Analyst: Proximity acquisition preps Apple Mac expansion into enterprise markets

“Think Equity analyst Jonathan Hoopes says he thinks Apple is preparing for a stronger push into unfamiliar enterprise markets next year,” Jonny Evans reports for Macworld UK.

Evans reports, “Looking at Apple’s purchase of pro video software provider Proximity he points out: ‘Proximity’s artbox is the de-facto industry standard for next-generation integrated rich media asset management and work flow for the broadcasting industry.’

“The analyst expects the technologies acquired in the purchase will eventually appear as enhancements not just within Apple’s pro server and software, but also within its iLife consumer media bundle,” Evans reports. “He writes: ‘This acquisition supports our thesis – that is, Apple’s industry-leading software holds the keys to further computer market share gains and margin expansion.'”

Evans reports, “The analyst thinks the addition of high-end tools from Proximity into Apple’s software offering will enhance its appeal among high-end professionals, helping drive the company’s enterprise attempt.”

Full article here.

Related MacDailyNews article:
Apple acquires Proximity – December 04, 2006

11 Comments

  1. Proximity is well established in broadcasting enterprises. Wonder what hw people will buy next year in that sector?

    SJ himself said about the iPod success vs the other iPod-killers failing one after the other: “It’s the software”. Everyone is able to assemble today hw equivalent of the iPod, hardly to make it seamlessly work with users expectations: it’s the software.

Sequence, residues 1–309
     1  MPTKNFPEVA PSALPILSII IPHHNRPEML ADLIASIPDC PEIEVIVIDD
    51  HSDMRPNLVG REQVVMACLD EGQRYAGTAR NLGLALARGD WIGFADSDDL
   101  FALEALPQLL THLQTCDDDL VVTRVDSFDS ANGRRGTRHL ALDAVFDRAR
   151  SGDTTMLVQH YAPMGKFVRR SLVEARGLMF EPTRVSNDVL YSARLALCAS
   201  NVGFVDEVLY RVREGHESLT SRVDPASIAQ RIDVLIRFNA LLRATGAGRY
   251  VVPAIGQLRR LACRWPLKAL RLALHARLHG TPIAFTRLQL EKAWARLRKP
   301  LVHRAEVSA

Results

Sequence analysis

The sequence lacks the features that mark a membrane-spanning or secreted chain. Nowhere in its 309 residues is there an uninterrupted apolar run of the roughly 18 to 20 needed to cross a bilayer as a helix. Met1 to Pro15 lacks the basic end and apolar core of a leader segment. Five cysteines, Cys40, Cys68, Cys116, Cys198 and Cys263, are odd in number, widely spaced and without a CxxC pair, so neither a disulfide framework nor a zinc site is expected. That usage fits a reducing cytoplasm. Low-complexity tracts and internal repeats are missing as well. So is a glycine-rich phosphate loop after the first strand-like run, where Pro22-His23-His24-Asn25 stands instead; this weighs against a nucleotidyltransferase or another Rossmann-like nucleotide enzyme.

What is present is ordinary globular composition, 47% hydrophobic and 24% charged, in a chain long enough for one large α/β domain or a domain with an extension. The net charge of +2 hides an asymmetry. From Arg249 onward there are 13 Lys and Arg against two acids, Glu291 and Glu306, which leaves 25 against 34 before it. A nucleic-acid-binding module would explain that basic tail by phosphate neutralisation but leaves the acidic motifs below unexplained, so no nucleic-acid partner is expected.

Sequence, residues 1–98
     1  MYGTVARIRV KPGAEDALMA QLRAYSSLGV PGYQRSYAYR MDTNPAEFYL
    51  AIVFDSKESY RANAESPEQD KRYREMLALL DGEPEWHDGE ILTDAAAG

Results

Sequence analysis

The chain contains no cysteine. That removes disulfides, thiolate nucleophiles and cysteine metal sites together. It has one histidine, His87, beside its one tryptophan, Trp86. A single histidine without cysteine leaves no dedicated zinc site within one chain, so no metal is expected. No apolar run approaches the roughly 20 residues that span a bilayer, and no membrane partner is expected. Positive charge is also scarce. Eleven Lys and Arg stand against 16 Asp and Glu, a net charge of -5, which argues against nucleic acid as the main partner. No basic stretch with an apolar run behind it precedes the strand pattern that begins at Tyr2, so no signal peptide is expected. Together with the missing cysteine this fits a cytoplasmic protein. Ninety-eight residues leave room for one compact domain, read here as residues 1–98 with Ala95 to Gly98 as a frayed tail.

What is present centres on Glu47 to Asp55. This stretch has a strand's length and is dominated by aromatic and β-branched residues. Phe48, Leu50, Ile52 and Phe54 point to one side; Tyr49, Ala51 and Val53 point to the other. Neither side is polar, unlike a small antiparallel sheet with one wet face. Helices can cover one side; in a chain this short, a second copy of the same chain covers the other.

Same is now the differentiating factor with todays intel Apple offerings: it’s the software, the OS X, the sw solutions that only run on that particular x86 platform that goes with the brand Apple.

  2. “Think Equity analyst Jonathan Hoopes says he thinks Apple is preparing for a stronger push into unfamiliar enterprise markets next year,” Jonny Evans reports for Macworld UK.

    YES!

    I’ve said it all along, everything’s good, and everything helps, but for Apple to see real, unarguable market share gain it has got to make some measurable gains in the enterprise market place. Aside from the halo effect of iPod, and most probably the up and coming iPhone, this is what its going to take to get Apple’s computers to really get airborne for the first time in history.

    Take the cult out of Macintosh computers and put the realization of the philosophy in the hands of everyone.

    The entire computing world will be a better place, including Windows. This whole 2 decades long competition should be a lesson for those with the talent and skills to really do really big things, (like B. Gates, and S. Jobs); Bigger is only better up to a point. After that you’re just hurting yourself, your company, and the people who make your product successful. Apple still has a long way to go to get to that threshold, MS has long been way over the threshold, and MS has been hurting itself and the entire world of personal computing for a long time.

    Its time for the madness to stop.

  3. I am so blown away by this analyst’s insight.

    In a nutshell he says: “offering software for high-end professionals will broaden Apple’s appeal to high-end professionals.”

    I am dumbfounded. And I thought there was nothing more to be learned.

  4. @BustingTheSkullsOfIdiots

    Are you sure Colbert doesn’t do anything for you? I would say you two are interchangeable. You both speak the truth, which is a hell of a lot more than I can say about the cut and run liberal media.

    They would tell you that dissent is a sure sign of a healthy democracy. You, me and Colbert all know that’s crap. How dare anyone question our leaders?

    Stay the course brother. Stay the course.

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